homeprev issuesexecpublic affairsSTAFFASA home
The Executive Officer’s Column

Council Launches ASA Centennial Planning

At its January meeting, ASA President Barbara Reskin placed the topic of Centennial Planning high on the agenda of the ASA Council. While 2005 and the 100th anniversary of the American Sociological Association has been referenced in Council, it has not been a prominent item on the agenda for discussion and exchange. The mid-year meeting in January provided just the right setting for Council to engage in creative thinking about how best to celebrate the centennial year of the Association in a way that addresses the history of ASA and of sociology and future opportunities for the discipline.

How best to celebrate the Centennial is a large charge. As the primary elected body of the membership, it makes good sense to engage Council in this task. While a project like this will need to be delegated to a Centennial Committee, it also needs guidance from Council as to the “touch and feel” that Council wishes to convey about the discipline and about ASA through special projects, activities, and events. Related discussions have already been launched. The Committee on Publications and journal editors have begun to think about what the ASA journals might do individually or as a group to mark this important date. Publications Committee Chair Bernice Pescosolido has asked the Committee to consider what types of scholarly works might enrich the discipline and to generate ideas about special publications, including special issues of journals, “reviews,” and so forth. President Reskin, Past President Massey, Secretary Kalleberg, and I along with Doug Kincaid, ASA representative to the International Sociological Association (ISA), have been discussing how best to reach out to the international community of sociologists to launch the next century hand-in-hand with sociologists around the globe. (With the XV World Congress of Sociology taking place in July 2002, it might be an apt time to take up this issue with sociologists across nations.)

At these early stages of thinking and planning, President Reskin and other officers want to ensure that the conversation is wide-ranging and inclusive. This is very much the tone that President Reskin set and the spirit that animated ASA Council deliberations on January 27th. To stimulate discussion, I provided a background memorandum to map what some possibilities are. These included:

Outreach to the Public

  • Lectureship series (similar to the Jefferson Lecture)
  • Travelling exhibit for museums and schools
  • Special programming in high schools
  • Film/video presentations
Outreach to the Sociological Community
  • Lectureship series at regional and state sociological society meetings
  • Special materials (see Publications) on teaching, history of sociology, and major events in the field
  • Attention to the international sociological community
Electronic Outlets
  • Creative use of the internet, including its role as a primary outreach tool
  • Special symposia on key themes or accomplishments
  • Public policy seminars
Annual Meeting
Note: the 2005 President will not be known until spring 2003, so substantive plans for special Centennial events will need to be made prior to that Program Committee’s formation.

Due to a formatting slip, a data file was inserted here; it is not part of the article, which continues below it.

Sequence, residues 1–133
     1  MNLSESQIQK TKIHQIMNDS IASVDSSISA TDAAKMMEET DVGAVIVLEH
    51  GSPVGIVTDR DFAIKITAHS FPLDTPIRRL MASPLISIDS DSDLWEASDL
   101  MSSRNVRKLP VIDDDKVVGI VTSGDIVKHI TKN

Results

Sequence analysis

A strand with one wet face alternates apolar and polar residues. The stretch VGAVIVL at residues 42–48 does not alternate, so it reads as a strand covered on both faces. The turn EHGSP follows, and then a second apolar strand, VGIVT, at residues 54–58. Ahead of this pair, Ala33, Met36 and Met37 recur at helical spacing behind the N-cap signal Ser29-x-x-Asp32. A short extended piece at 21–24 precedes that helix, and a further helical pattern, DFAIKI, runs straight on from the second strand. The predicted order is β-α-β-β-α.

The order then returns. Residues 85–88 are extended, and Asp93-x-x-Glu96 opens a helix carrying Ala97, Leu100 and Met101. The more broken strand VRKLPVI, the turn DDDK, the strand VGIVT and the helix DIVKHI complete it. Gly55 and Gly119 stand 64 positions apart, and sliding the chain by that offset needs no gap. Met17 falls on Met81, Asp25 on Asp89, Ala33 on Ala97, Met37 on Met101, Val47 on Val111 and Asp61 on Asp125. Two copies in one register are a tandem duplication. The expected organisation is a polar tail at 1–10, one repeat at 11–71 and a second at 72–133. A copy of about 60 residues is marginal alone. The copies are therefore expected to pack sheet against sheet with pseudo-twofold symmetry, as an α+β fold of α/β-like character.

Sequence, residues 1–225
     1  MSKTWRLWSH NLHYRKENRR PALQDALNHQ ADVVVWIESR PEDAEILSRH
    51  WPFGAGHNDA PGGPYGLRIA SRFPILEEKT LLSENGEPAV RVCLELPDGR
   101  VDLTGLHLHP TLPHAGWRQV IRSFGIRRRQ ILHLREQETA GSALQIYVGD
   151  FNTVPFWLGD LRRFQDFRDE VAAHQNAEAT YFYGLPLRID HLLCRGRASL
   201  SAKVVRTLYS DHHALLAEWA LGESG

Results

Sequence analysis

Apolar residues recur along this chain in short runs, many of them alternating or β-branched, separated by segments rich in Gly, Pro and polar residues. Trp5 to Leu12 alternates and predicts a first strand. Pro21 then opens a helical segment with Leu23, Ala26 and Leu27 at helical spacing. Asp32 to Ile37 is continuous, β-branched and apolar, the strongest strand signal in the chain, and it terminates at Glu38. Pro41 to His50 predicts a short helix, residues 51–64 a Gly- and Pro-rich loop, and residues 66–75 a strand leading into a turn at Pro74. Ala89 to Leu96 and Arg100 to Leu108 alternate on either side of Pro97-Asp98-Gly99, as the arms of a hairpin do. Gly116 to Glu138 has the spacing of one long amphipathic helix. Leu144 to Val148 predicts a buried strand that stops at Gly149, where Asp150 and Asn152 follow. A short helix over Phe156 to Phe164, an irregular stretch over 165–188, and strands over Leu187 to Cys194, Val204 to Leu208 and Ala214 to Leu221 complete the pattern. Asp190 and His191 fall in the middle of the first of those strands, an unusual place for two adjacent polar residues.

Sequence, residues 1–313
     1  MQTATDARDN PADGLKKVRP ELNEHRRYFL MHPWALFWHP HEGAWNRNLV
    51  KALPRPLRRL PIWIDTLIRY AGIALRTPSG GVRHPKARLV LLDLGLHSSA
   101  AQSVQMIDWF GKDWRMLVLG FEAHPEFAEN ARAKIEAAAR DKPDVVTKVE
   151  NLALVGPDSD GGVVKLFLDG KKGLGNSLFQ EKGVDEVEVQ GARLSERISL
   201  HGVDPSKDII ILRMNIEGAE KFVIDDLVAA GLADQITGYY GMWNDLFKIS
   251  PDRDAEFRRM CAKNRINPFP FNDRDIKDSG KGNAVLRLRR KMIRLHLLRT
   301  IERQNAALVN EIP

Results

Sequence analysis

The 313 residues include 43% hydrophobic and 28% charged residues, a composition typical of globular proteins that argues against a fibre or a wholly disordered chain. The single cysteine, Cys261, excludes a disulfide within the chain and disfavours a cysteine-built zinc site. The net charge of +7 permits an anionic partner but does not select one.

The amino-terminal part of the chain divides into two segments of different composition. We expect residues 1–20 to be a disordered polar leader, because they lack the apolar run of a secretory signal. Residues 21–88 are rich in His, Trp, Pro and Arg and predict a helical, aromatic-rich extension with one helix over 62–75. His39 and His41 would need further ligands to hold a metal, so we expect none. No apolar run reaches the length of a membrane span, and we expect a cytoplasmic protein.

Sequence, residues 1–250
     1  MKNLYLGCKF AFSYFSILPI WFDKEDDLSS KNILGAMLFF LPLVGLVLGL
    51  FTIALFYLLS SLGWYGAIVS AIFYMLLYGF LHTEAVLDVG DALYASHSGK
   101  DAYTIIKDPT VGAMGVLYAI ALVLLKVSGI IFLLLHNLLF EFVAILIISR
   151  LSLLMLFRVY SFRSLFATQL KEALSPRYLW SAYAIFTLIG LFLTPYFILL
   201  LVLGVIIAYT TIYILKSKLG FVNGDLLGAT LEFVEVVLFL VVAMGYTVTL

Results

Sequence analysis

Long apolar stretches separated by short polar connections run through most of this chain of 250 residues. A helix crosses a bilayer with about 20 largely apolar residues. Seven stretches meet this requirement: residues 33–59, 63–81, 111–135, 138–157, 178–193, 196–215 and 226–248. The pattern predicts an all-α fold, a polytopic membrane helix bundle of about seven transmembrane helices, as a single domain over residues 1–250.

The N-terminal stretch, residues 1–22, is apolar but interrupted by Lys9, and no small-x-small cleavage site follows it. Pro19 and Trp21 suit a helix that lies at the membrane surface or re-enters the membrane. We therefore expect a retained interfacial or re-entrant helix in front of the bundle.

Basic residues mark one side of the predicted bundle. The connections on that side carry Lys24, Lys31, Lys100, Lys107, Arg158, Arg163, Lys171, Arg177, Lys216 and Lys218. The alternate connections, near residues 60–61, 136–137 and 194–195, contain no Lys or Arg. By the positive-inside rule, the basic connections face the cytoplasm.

• Substantive work brought to fruition at the Annual Meeting
  • Special sessions and events
  • Commission an updated history of the ASA
  • Commission a history of ASA by historians, historical sociologists, and/or sociologists of science; involve or consult with those with prior experience preparing histories of other learned societies and disciplines
  • Special “century review” type publications
  • A Presidential volume of the addresses of past ASA presidents (there has been some interest in such a product and it has been under consideration)
  • Other social science associations looking at the future of social science
  • International collaborations, real and virtual
  • Outreach to international sociological community to collaborate on Annual Meeting planning and products
The discussion at Council went well beyond this framework without in any sense reaching closure. Council saw the value of thinking of the Centennial as a year-long opportunity for socio-logy, despite what will be important events linked to the 2005 Annual Meeting in Philadelphia.

President Reskin has appointed two committees of Council to engage in more concrete deliberations and offer some “working” plans. Because of the time urgency of launching any historical project(s), including the possibility of an oral history, one committee, chaired by Craig Calhoun and including Council members Ivan Szelenyi and Paul DiMaggio, is to bring forth plans and options for historical works quite quickly. The mandate of this committee includes consulting with sections and other individuals or groups with relevant expertise. The other committee is charged with thinking broadly and creatively across what might become a nested set of possible projects, activities, and events. That group is being chaired by Pamela Walters and includes Victor Nee, Robert Crutchfield, and Reskin. Meanwhile, I will get more of a perch on what older learned societies have done or are planning (what seems to work and not work).

I wanted to bring this to your attention through the Open Window because possible ideas and ultimate plans are not just within the province of any one group. Please send suggestions via e-mail (, stimulate discussion on section listservs, think about the Centennial in your workplace, and add your thoughts and views. Ultimately ASA will need to craft this initiative in light of sociologists’ interests, engagement, and willingness to commit time to this collective project. While a Centennial Committee will bring this effort to fruition, all of us will need to add and join in.—Felice J. Levine